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Theoretical Physics Ph.D and then switch to Engineering?

  1. Forget about Engineering, stay in Physics!

    2 vote(s)
    50.0%
  2. Maybe you should get a degree in Engineering after your Ph.D in Physics

    2 vote(s)
    50.0%
  1. Dec 13, 2009 #1
    I am still a senior in high school and I am goin go to graduate next year and go to university next year.

    I was in the career center today and the teacher asked how many students here are pursuing a career in Physics? And a few of us put our hands up.

    The teacher said that it is a wise choice because in this near future, a career in Physics will be a well off job.

    I am somewhat delighted to hear this because I always thought that jobs like Pharmacy, Doctors, or Lawyers maintain a profitable income. Now I have come to learn the Physics can too.

    Now here is (or are...) the problems. I realize that the "Physics career" that will make a lot of $$$ are Engineers, not Physicists. I am not even sure what type of income will a Physicist make or even who will hire a Physicist because I am not the only Physicist in the world and I do not think my job will be a great demand to society.

    Now I plan to get a Ph.D in Physics, particularly in Theoretical Physics and then perhaps go take undergrad courses for Engineering. I know this sounds really stupid, but how well a Theoretical Physicist stand in an Engineering course? I hear that a Bachelor is enough to get me a decent job.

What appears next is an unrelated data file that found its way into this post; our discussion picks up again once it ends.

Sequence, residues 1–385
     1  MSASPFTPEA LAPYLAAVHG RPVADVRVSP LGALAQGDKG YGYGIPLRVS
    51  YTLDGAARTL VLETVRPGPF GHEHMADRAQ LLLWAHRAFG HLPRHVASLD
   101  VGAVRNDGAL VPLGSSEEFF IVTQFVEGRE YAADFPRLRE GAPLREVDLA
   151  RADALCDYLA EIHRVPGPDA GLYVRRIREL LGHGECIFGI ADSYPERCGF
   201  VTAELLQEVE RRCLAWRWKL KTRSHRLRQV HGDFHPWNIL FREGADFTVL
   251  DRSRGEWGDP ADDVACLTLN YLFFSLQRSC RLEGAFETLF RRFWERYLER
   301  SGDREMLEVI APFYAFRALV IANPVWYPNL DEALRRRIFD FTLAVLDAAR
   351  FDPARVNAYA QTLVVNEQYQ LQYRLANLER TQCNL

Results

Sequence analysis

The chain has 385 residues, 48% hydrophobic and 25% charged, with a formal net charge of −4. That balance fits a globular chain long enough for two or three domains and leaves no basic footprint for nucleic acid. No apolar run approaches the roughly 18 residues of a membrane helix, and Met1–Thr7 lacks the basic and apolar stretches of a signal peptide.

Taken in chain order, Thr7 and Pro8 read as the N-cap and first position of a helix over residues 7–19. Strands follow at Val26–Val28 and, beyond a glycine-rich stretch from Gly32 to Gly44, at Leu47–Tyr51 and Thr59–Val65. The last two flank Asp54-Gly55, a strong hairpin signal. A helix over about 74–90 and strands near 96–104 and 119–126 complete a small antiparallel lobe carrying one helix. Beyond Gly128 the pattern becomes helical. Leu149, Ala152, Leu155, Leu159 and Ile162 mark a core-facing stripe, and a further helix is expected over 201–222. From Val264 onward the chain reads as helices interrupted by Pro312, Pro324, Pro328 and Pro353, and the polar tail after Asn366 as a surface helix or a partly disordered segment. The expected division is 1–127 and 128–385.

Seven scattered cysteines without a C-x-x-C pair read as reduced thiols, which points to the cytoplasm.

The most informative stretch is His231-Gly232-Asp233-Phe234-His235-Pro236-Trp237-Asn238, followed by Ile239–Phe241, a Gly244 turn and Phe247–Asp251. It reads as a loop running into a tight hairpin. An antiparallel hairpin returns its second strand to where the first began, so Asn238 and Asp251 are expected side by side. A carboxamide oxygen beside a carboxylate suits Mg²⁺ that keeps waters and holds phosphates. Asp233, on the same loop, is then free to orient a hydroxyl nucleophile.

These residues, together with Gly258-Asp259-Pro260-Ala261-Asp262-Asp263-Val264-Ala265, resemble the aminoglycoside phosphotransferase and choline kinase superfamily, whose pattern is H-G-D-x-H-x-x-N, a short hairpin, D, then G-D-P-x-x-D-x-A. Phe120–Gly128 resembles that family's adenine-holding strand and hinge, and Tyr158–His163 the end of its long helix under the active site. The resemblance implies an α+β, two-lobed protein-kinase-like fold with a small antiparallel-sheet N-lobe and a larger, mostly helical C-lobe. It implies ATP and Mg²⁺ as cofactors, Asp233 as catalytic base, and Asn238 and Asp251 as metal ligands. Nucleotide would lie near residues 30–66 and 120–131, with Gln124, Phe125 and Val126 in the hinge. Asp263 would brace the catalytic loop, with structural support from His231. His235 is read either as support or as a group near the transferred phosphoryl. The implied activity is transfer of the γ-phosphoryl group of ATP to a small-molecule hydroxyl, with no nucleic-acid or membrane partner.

My high school Physics teacher has a Ph.D in Physics and I hear that he makes approximately $20,000 more than the other regular teachers in my school based on an annual income. But is he just lucky?

    Obviously there is a wide range of engineering jobs out there, but which is the most stable for $$$$? I hear Chemical Engineering is one. Not sure about unpopular Engineering like Material Engineering. My old math tutor has a Masters in Electrical Engineering and now he works as a tuition institution, how much he makes I have never asked him, but he once told me that companies who hire Engineers do not really care about your degree.

    I know I am insane. I am Canadian, applying to University of British Columbia.
     
  2. jcsd
  3. Dec 13, 2009 #2
    The educational system might be different in Canada than in the US... but down south, teacher pay within a particular school district is purely a function of years of experience, with a bonus for additional education. If your physics teacher is very experienced, he might very well be making $20K more than teachers with less experience and no M.S. or Ph.D.

    As for getting a bachelor's degree in engineering *after* a Ph.D. in physics... well... keep in mind you will probably be close to 30 before you have a Ph.D. At some point in your life, you are going to want to get a job and make a little money... :-)
     
  4. Dec 14, 2009 #3
    Oops selected wrong poll option...

    I don't think that doing an undergraduate degree in engineering after a PhD is a wise choice at all. If your that adamant that you may not want to stay in physics then perhaps consider going for a double major if not just a major in engineering? You can always take electives from physics. A physicist in academia (and teaching) will not, generally, earn the types of wages that can be found in the private sector.

    For some areas of engineering you will need to go through accredited degrees often ending up with chartered status/http://en.wikipedia.org/wiki/Licensure" [Broken]. This should certainly be a consideration.
     
    Last edited by a moderator: May 4, 2017
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